But I also realise that I have never really been tested on some fronts. No-one tried to stop me going off to University to do a male-dominated degree. No-one tried to prevent me doing further study, or then having a rather crazy kind of job out in the bush, or subsequently working in fields that were male-dominated. I haven't experienced the frustrations that come from being at home all day with small children (that wasn't my choice, but it's how my life panned out). Nothing and no one has ever really gotten in the way of me doing just what I wanted to do. So, that is one of the strengths of Radical Womanhood I think, in showing us how feminist assumptions (the good and the bad) have permeated the air we breathe, whether or not we are actually aware of it.

Monday, February 23, 2009

More blinks

Oh, and I can't believe I left off this very important article on gourmet chocolate (and your heart health what's more) from Carolyn McCulley.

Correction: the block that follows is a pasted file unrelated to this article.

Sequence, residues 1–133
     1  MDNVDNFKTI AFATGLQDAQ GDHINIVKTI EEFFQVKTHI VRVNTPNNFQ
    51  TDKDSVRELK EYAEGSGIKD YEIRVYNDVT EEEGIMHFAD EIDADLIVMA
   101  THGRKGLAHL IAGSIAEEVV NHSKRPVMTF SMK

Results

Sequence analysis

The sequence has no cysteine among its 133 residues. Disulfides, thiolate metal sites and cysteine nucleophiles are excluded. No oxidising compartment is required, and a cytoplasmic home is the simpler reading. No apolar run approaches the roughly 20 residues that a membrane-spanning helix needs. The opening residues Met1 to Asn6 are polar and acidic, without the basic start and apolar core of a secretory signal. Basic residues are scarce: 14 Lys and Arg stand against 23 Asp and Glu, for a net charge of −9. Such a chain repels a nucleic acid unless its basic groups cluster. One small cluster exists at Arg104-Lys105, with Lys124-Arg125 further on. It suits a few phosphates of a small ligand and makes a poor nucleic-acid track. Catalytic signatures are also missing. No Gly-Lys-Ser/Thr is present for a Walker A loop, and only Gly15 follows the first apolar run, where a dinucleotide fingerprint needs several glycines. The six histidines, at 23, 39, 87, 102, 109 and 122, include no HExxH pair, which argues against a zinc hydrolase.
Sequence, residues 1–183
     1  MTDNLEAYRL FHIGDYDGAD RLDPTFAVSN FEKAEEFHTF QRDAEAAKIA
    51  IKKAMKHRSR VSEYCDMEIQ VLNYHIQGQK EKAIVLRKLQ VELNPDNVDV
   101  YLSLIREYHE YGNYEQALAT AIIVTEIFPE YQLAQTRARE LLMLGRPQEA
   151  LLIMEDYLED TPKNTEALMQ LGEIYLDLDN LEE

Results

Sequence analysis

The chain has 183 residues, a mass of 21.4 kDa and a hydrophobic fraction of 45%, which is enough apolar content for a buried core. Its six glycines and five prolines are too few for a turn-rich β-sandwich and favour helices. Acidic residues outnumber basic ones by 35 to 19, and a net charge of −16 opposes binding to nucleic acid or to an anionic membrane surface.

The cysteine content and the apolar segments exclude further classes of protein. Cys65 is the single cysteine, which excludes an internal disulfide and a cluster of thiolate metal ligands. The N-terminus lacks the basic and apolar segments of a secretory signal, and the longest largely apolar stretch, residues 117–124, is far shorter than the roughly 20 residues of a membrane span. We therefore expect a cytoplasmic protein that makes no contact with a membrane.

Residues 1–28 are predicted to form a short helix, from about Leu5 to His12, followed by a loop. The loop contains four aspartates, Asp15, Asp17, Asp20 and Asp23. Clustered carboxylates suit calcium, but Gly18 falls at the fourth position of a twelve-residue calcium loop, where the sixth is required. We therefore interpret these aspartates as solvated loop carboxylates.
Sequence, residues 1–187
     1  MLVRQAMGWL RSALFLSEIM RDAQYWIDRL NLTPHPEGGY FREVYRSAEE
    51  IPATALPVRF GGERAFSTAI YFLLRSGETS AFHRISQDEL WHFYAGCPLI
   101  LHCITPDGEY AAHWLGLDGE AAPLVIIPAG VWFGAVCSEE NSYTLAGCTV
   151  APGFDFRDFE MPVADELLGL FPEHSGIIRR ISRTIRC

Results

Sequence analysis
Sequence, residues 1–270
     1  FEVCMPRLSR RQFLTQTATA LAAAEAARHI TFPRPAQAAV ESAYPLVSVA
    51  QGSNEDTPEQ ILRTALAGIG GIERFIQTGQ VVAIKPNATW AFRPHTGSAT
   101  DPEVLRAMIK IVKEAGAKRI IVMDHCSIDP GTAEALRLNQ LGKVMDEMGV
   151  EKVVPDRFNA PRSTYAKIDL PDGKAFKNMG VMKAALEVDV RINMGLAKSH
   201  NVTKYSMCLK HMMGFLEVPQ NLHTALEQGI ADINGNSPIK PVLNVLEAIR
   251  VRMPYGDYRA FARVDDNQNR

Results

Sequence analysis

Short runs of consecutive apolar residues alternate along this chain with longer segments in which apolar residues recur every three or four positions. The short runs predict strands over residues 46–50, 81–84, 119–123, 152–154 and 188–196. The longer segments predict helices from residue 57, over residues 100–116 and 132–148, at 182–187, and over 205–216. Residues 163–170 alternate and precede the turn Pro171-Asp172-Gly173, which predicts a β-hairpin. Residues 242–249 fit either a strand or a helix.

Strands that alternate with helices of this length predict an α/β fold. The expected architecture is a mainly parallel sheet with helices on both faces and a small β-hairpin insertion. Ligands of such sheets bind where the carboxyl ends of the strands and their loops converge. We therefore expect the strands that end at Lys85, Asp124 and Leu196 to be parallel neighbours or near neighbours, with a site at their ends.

I also liked Ben Myers' review of the Leonard Cohen concert (and how beautiful is that video clip). I didn't go to the Sydney concert, because I wasn't a big enough fan of LC to justify it then, but I wish now, after borrowing five CDs off a friend, that I had. Note that Ben quotes the line that inspired my lino-print.

And I liked this prayer for those who want to want God, from Between Two Worlds. And this too on prayer from Tim Chester (via several other people).

Some kind of blinks

It’s boring around here lately. I’m writing this blog and even I think it’s boring. (Some time ago I said I was going to wind back on blogging, but instead it became a case of 'more is less' as I just kept on posting stuff with less effort involved.) I was going to make up some imaginary friends, or go on an imaginary overseas trip, but then I decided that escapism isn’t perhaps the best remedy. So here are some other things to read: